In the Theocentric Universe, Human Beings Are Not Masters

Powerful passages in the Book of Job teach that the world, and the animals in particular, must not be abused or exploited by human beings.

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Theological and Practical Implications

The basic theme, that the universe is a mystery to man, is of course overtly expressed in the God speeches. There are, however, two other significant implications. In accordance with characteristic Semitic usage they need to be inferred by the reader.

The first is theological: since the universe was not created with man as its center, neither the Creator nor the cosmos can be judged from man’s vantage point. The second is ecological. Though the poet was not concerned with presenting a religio-ethical basis for ecology, he has in effect done so. Man takes his place among the other living creatures, who are likewise the handiwork of God. Therefore he has no inherent right to abuse or exploit the living creatures or the natural resources to be found in a world not of his making, nor intended for his exclusive use.

If we have read the meaning of the Speeches of the Lord aright, we now have a sound conceptual basis for one of the more beneficent aspects of 20th-century civilization  -- the growing concern for the humane treatment of animals. This sensitivity expresses itself both practically and theoretically.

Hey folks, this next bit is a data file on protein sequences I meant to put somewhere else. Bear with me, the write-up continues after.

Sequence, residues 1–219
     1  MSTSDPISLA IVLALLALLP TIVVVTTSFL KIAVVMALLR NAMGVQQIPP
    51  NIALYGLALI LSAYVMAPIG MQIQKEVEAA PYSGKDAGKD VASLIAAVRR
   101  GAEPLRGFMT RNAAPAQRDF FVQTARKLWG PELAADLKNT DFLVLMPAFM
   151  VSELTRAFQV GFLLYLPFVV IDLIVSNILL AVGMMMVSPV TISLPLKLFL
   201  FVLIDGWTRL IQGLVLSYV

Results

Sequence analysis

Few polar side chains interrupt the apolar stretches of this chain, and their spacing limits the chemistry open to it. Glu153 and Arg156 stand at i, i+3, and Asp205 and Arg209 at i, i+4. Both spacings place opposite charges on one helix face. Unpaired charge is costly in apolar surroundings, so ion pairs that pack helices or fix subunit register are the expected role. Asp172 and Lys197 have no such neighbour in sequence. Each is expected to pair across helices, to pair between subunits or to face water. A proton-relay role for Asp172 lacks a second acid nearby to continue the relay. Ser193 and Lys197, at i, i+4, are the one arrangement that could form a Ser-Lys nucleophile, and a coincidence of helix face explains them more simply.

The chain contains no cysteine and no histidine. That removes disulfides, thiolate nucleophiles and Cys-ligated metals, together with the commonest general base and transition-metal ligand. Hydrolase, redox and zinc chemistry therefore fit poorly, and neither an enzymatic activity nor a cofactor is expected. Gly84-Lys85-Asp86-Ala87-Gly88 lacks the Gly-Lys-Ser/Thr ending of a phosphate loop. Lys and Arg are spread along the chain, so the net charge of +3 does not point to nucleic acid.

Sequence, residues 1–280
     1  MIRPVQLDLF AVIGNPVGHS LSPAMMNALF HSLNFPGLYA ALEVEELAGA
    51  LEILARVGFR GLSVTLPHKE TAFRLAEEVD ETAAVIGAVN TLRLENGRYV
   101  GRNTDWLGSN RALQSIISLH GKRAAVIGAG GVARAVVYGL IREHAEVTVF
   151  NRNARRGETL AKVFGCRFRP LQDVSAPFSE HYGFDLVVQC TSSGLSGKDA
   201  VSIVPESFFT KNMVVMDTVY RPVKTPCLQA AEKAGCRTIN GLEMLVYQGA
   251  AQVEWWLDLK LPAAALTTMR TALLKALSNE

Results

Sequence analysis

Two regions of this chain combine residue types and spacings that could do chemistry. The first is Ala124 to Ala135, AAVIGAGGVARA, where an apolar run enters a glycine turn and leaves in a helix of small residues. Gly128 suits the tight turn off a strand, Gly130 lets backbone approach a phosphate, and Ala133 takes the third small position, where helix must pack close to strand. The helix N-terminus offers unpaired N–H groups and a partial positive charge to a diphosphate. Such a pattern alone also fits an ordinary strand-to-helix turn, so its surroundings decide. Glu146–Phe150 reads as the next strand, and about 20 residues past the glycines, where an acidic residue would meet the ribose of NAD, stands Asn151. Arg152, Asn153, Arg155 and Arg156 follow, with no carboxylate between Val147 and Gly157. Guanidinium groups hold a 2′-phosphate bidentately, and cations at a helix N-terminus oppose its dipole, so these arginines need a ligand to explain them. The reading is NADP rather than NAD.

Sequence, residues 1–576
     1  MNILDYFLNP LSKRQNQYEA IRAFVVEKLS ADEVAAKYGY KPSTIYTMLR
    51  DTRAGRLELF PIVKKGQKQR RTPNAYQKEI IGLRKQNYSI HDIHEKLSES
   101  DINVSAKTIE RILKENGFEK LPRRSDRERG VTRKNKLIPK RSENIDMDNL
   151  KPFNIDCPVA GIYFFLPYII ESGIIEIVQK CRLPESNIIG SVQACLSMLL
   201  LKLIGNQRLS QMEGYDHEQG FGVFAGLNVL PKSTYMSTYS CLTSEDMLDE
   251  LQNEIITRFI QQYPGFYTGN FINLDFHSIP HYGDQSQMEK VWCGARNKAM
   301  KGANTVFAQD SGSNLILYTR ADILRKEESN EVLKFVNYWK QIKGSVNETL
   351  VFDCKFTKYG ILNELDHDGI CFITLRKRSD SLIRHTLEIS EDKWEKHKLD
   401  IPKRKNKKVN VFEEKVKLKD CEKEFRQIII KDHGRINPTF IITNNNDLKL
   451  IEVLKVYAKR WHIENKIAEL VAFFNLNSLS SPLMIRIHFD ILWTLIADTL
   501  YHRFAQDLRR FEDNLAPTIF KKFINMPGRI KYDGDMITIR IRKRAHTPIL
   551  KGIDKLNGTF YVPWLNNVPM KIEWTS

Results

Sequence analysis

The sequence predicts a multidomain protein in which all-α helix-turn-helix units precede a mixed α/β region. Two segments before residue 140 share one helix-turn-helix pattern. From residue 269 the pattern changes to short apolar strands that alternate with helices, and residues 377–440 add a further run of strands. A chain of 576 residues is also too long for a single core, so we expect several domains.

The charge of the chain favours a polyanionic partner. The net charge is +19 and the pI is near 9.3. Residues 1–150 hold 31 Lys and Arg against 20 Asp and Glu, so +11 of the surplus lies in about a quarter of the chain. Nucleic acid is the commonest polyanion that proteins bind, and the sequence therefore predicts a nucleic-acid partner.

On the practical side, a far-flung and highly varied network of organizations has arisen in Western Europe and America, designed to protest the cruel treatment and undue suffering to which animals are often exposed in industry and even in scientific research. Many concrete proposals have been advanced for laws to protect animals against abuse and needless pain. The rising tide of protest against contemporary practices in these areas takes on many forms, some perhaps ill-considered and at times even bizarre and violent. On balance, however, the essentially positive character of the movement for animal rights is undeniable.

Aside from a deepening involvement with concrete measures in this area, there has also been an increased interest in a philosophical basis for the rights of animals, with a growing literature on the subject as a branch of secular ethics.

The Book of Job offers a religious foundation for the inherent rights of animals as coinhabitants of the earth, adumbrated two millennia earlier than the emergence of secular ethics in this area.

By insisting on a God-centered world, to which man has only a conditional title, the Book of Job presents a basis in religion for opposing and ultimately eliminating the needless destruction of life and the pollution of the natural resources in the world.

Reprinted with permission from the estate of Robert Gordis, from Judaic Ethics for a Lawless World, published by the Jewish Theological Seminary of America, 1986.

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Dr. Robert Gordis (1908-1992) taught for over half a century at the Jewish Theological Seminary of America as Professor of Bible and Rapoport Professor in the Philosophies of Religion. He served as a congregational rabbi and as editor of Judaism: A Quarterly Journal. Among his many books are Love and Sex and Dynamics of Judaism: A Study in Jewish Law.